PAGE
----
(Source: Space.com - Jan 17)
ARGENTINE SMALLSATS HITCH RIDE WITH CHINESE PAYLOADS ON LONG MARCH ROCKET - Two Earth-imaging microsatellites built and owned by the Argentine company Satellogic launched on a Long March 2D rocket from China Wednesday, sharing a ride into orbit with two Chinese spacecraft.
The ÑuSat 7 and 8 satellites — each about 45 kilograms (100 pounds) — lifted off on a two-stage, liquid-fueled Long March 2D rocket at 0253 GMT Wednesday (9:53 p.m. EST Tuesday) from the Taiyuan launch base in northern China’s Shanxi province. More
(Source: SpaceFlight Now - Jan 16)
EUTELSAT’S KONNECT SATELLITE READY FOR LAUNCH - Eutelsat’s Konnect satellite, which will provide broadband services for Europe and Africa, has entered its final phase ahead of its 16 January launch.
The Konnect satellite, which was built by Thales Alenia Space for Eutelsat, is part of a European Space Agency (ESA) partnership project to help to deliver competitive satellites for the commercial telecommunications market. More
(Source: Capacity Media - Jan 15)
WATCH ISS SPACEWALK JANUARY 15 - Two astronauts will venture outside the International Space Station (ISS) on January 15, 2020 for the first of three spacewalks this month. NASA TV’s live coverage of the spacewalk will begin tomorrow at 10:30 UTC (5:30 a.m. ET). NASA astronauts Jessica Meir and Christina Koch are scheduled to conduct tomorrow’s spacewalk, as well as the next one on Monday, January 20, to finish replacing nickel-hydrogen batteries with new lithium-ion batteries that store power generated by the station’s solar arrays. More
(Source: EarthSky - Jan 15)
SPACEX’S BRISK STARLINK LAUNCH CADENCE TO CONTINUE NEXT WEEK - SpaceX plans to launch its next group of Starlink broadband satellites aboard a Falcon 9 rocket as soon as Monday, Jan. 20, from Cape Canaveral, two days after the company is scheduled to launch a modified Falcon 9 booster from a separate facility at the Florida spaceport to test the Crew Dragon spaceship’s emergency escape system.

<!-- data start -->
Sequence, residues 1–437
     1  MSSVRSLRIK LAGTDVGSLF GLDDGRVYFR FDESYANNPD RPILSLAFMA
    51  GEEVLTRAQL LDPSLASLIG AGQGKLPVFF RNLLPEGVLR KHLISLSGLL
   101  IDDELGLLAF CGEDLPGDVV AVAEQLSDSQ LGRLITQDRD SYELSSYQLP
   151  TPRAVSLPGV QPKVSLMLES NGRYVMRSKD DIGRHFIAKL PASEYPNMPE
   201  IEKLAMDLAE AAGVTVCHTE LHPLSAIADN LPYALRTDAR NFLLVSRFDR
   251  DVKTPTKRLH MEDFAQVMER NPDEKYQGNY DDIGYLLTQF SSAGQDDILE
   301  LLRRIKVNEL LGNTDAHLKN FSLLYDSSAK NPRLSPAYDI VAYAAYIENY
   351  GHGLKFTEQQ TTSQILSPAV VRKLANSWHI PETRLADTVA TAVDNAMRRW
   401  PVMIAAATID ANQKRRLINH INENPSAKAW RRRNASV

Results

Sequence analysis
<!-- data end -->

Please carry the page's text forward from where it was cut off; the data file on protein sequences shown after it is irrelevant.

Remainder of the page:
SpaceX’s ability to achieve back-to-back launch schedule hinges on several factors, including an expected test-firing in the coming days of the Falcon 9 booster slated to fly on the next Starlink launch. More
(Source: SpaceFlight Now - Jan 15)
UAE’S FALCON EYE 2 SATELLITE SWITCHED FROM VEGA TO SOYUZ - Arianespace will launch the United Arab Emirates’ Falcon Eye 2 reconnaissance satellite on a Soyuz in March instead of waiting for the company’s much smaller Vega rocket to return to flight, Arianespace and Airbus Defence and Space told SpaceNews.
Vega has been grounded since a July failure that destroyed the UAE’s Falcon Eye 1 satellite, resulting in a record $415 million insurance claim. Prior to the failure, Vega was scheduled to launch again in November carrying Falcon Eye 2. More
(Source: SpaceNews - Jan 14)
INDIA TO LAUNCH COMMUNICATION SATELLITE TO COVER GULF, ASIAN COUNTRIES AND AUSTRALIA - With increasing demand to provide satellite bandwidth for television, telecommunication and broadcasting services, India's national space agency, Indian Space Research Organisation (ISRO) has built a new satellite, GSAT-30.
GSAT-30, with a payload weight of 3,357 kilograms is to be launched by the Ariane-5 launch vehicle from the European Spaceport in French Guiana on Friday (17 January) at 0235 Hrs IST. More
(Source: Space Daily - Jan 14)
FIRST SPACEBUS NEO SATELLITE SET FOR LAUNCH - The first satellite developed under an initiative to help European industry deliver competitive satellites for the commercial telecommunications market has entered its final phase before launch.